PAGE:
Cottage break-ins are crimes of opportunity and thieves will look for easy targets. With the end of cottage season approaching owners of recreational properties need to make their cottage less attractive for thieves. Here are some suggestions:
Valuable Equipment and Personal Belongings: One way to minimize the risk of a break-in is to avoid leaving valuable sporting equipment outside in plain sight while you are away from the cottage. When you plan to be away for long periods of time, consider taking the expensive equipment home. Always remove all firearms and alcohol when the cottage is closed for the winter.
Boats and Water Craft:
Small boats, canoes and personal water craft should not be left near the shore. Instead, bring them higher up on the property and beyond the line-of-sight of passing boats.
Ladders, Tables and Chairs:
Take ladders home or put them in storage. Outdoor furniture, picnic tables and benches should also be stored away so they can’t be used to enter the building through a window.
Using automatic timers on indoor cottage lights may be enough of a deterrent to keep potential thieves away if they are doing a drive-by in search of possible targets. Having the place lit-up at night also makes it easier for neighbours to see if there is any suspicious activity. Outdoor motion sensor lights can also be effective.
As with the house in the city, it is important to make sure the cottage looks like it is being maintained on a regular basis. Shoreline garbage, long grass and fallen trees indicate the property has not been used for an extended period of time.
If your property is a road-access cottage, one option to discourage thieves is to install a gate at the beginning of the driveway. Intruders want to get in and out as quickly and quietly as possible. Having a gate at the entrance to the property might be enough to dissuade a potential break-in.
An alarm system is another way to help protect your cottage from thieves. It is one more factor that could make the thieves think twice about targeting your place.
Doors and Windows:
Older cabins and cottages have flimsy doors and simple windows that are easily forced open. Exterior doors should be fitted with solid dead bolts. Windows can be boarded up for the off season. Sliding doors should have a piece of wood placed in the track so they can’t be opened.
Informing Neighbours: also If possible, have someone stop by and check the property on a regular basis. The sooner signs of damage or foul play can be reported the better it is for both the police and the property owner. Inspections can be done by a local company if you are not comfortable relying on friends or family.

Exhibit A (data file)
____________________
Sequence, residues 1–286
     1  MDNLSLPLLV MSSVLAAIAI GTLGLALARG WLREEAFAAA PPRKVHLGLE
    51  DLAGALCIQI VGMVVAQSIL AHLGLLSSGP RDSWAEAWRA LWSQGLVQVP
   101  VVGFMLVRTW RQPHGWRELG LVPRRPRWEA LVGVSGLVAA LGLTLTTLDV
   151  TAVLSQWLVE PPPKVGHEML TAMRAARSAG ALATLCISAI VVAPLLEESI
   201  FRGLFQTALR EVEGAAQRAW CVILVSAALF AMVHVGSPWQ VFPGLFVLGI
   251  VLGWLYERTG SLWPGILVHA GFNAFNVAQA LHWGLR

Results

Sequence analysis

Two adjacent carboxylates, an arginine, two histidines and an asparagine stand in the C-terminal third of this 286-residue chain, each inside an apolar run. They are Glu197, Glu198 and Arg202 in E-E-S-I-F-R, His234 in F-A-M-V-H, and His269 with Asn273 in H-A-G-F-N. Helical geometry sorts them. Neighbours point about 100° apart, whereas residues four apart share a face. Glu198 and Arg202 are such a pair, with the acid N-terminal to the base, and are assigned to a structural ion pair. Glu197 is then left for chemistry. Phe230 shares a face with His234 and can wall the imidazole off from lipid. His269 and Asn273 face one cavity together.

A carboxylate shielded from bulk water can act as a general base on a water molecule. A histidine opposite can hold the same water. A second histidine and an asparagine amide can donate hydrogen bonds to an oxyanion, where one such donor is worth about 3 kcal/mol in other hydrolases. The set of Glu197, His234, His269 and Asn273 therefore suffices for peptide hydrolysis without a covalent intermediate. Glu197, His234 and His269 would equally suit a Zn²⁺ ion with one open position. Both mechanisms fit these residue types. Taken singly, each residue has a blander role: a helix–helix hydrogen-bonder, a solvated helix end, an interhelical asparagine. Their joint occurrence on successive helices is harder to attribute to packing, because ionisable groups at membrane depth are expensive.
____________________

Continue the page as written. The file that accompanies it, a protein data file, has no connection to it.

Cottage Watch Associations:
Organizing a Cottage Watch group in your lakeside community is a good idea. This is often put in place in cooperation with the local police force and is a great way to help protect all properties in your part of the lake. Most programs include the installation of signs to let everyone know the program has been established and to remind cottage owners to be report suspicious activity in the area.
Lists, Photos and Videos of Cottage Items:
It is important to properly document all of the items at the cottage. This includes taking photos or a video of the inside of the cottage, keeping purchase receipts and recording all serial numbers. In the event that you are a victim of a cottage theft, having your papers in order will make it much easier for the insurance company when you go to file a claim.
Personal Property Identification:
Sault Ste. Marie Ontario Provincial Police (OPP) remind property owners of a program called SafeGuard Ontario. In partnership with community volunteer members of its Auxiliary Policing program, Safeguard Ontario is a community based crime prevention program developed in direct support of local detachment front line members to help citizens reduce property crime.
In support of the OPP SafeGuard Ontario Property Security Program, Operation Identification is a property marking initiative designed to help discourage the theft of valuables by facilitating the identification of recovered stolen property. The idea is to simply engrave your valuables with an identifying number in a highly visible spot.
A SafeGuard Ontario electric property engraver is available for loan following a SafeGuard Ontario Property Security Review. Property that is marked or etched with an identifying number is considered “damaged goods” in the eyes of a criminal.
Operation Identification is one basic step in helping to prevent theft, and discourage thieves and minimize the loss in the event that a break-in occurs. In the end, the goal is to make sure cottages remain a safe and secure place where to comfortably relax with family, friends, and guests.
For more information on this program and other safety tips visit www.opp.ca or contact locally the Sault Ste. Marie Detachment of the Ontario Provincial Police at 1-888-310-1122 or 705-945-6833.